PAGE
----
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Forgiveness is Hard

September 7, 2023 | by: Dale Thiele | 0 Comments

Forgiveness is hard. Just this week I have interacted with two different people who are dealing with broken family relationships. The other party refuses to be reconciled. What does forgiveness look like in these scenarios? And then there are the heinous sins like murder, abuse, and racism. Wouldn’t forgiveness just empower the perpetrator to cause more harm? Must we forgive when reconciliation of the relationship is unlikely or even impossible? Does not forgiveness undercut the pursuit of justice? These are the sort of questions and scenarios I am wrestling with as I prepare to preach on Ephesians 4:31-5:2 this Sunday. In particular, Ephesians 4:32 states, “Be kind to one another, tenderhearted, forgiving one another, as God in Christ forgave you.” We are commanded to forgive one another, just as God has forgiven us in Christ. How do we obey this command in the most difficult situations? ... Keep Reading

More and More for Oak Hills, Part 3

August 31, 2023 | by: Dale Thiele | 0 Comments

Over the last few weeks we have been considering Paul’s unique command in 1 Thessalonians 4 to “do more and more.” He links this command to three actions: pleasing God (faith), holiness (literally, our walk), and love for one another. We have already discussed faith and holiness; let’s consider the command to love one another “more and more.” In 1 Thessalonians 4:9-10, Paul writes, “Now concerning brotherly love you have no need for anyone to write to you, for you yourselves have been taught by God to love one another, for that indeed is what you are doing to all the brothers throughout Macedonia. But we urge you, brothers, to do this more and more.” While he commends the Thessalonians for their love, Paul also calls them to a higher standard, “more and more.” What does “more and more” love for one another look like? The command to love is all over the New Testament. Jesus commends the Old Testament command, “You shall love your neighbor as yourself,” as the second great commandment. Then, in his Farewell Discourse, he tells his disciples, “A new commandment I give to you, that you love one another: just as I have loved you, you also are to love one another” (Jn. 13:34). The disciples pick up this command and make it central in their ethical teaching for the early church. Paul says in Romans 12:9, “Let love be genuine,” and then in 13:8, “Owe no one anything, except to love each other.” Peter speaks about love in the context of the growth in holiness, “Having purified your souls by your obedience to the truth for a sincere brotherly love, love one another earnestly from a pure heart” (1 Pet. 1:22). Of course, John has some of the starkest teaching about love for one another. He writes in 1 John 3:14, “We know that we have passed out of death into life, because we love the brothers. Whoever does not love abides in death.”... Keep Reading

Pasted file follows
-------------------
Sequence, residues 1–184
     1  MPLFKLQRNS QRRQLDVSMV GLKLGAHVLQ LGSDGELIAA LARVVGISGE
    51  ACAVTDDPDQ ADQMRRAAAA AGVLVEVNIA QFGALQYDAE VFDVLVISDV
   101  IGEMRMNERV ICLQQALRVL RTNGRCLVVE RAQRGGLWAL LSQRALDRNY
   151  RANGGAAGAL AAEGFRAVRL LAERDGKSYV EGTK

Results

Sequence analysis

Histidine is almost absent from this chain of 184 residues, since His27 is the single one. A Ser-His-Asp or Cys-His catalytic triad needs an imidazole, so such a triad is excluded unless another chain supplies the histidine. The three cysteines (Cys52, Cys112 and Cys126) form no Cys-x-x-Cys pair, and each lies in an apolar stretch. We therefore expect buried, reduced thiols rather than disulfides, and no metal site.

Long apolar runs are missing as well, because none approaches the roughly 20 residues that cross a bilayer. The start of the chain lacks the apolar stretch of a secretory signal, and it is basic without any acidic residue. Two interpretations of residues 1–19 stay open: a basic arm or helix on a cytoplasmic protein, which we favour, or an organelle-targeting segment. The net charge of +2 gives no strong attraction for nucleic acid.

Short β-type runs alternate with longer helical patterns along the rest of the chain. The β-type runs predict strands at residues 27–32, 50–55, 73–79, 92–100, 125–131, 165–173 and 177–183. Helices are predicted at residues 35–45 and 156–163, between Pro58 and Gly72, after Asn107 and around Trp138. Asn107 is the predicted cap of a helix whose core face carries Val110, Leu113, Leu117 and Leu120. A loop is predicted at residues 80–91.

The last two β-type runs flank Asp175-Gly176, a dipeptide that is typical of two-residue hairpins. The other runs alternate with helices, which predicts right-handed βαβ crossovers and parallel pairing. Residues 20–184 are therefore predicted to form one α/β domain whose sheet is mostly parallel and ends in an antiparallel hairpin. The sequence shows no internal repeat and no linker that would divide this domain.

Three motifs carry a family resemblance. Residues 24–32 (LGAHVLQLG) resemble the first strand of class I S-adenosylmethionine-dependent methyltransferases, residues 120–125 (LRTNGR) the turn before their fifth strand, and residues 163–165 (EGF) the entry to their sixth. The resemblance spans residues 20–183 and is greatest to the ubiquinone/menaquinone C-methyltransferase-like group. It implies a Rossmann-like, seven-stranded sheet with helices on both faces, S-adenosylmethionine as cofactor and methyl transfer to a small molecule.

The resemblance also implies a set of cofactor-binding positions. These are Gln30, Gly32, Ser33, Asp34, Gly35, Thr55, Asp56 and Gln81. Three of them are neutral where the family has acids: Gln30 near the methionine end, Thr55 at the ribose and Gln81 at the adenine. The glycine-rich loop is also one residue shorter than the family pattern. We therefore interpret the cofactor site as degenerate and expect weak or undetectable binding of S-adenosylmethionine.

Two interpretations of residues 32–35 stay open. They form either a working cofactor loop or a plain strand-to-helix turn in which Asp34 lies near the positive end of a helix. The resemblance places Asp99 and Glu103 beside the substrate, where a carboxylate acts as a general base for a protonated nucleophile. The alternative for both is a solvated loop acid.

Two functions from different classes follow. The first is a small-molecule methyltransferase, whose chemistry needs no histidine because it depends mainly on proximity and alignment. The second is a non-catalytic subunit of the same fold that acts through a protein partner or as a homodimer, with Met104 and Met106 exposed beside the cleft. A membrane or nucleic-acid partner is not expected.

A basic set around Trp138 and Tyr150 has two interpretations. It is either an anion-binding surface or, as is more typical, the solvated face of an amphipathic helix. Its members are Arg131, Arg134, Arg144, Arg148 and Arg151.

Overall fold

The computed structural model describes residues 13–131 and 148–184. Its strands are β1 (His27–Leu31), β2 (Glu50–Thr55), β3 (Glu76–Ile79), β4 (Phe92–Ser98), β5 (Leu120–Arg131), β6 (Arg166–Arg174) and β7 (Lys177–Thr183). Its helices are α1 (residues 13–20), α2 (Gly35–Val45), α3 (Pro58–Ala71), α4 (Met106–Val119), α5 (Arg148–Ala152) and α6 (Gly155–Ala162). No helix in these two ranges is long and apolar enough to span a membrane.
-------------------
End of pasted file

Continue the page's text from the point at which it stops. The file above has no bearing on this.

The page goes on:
More and More for Oak Hills, Part 2

August 24, 2023 | by: Dale Thiele | 0 Comments

We return to Paul’s unique exhortation in 1 Thessalonians 4. In verse 1 and 10 he commands the church to “do more and more.” This is directly applied to how they “ought to walk and to please God” (v. 1) and to “love one another” (v. 9), but it has implications for how we think about the work and mission of the church. As followers of Christ, there is nothing new to add to or replace the gospel. We are called to dig deeper and deeper (i.e. more and more) into the glorious truths of the gospel and let them shape our thinking, our values, and our actions more and more. Last week we looked at how we ought to grow more and more in our faith. As the writer to the Hebrews says, “without faith it is impossible to please God” (Heb. 11:6). We please God more and more with ever deepening delight and rest in him. This week, let’s look at what Paul calls our “walk.” It is one of Paul’s favorite words to describe the day-to-day practical living of Christians. When saw him use this word in the pivotal verse of Ephesians, “I therefore, a prisoner for the Lord, urge you to walk in a manner worthy of the calling to which you have been called” (4:1). Like Ephesians 4, Paul goes on in 1 Thessalonians 4 to give explicit instruction on what constitutes a worthy walk. ... Keep Reading

More and More for Oak Hills, Part 1

August 17, 2023 | by: Dale Thiele | 0 Comments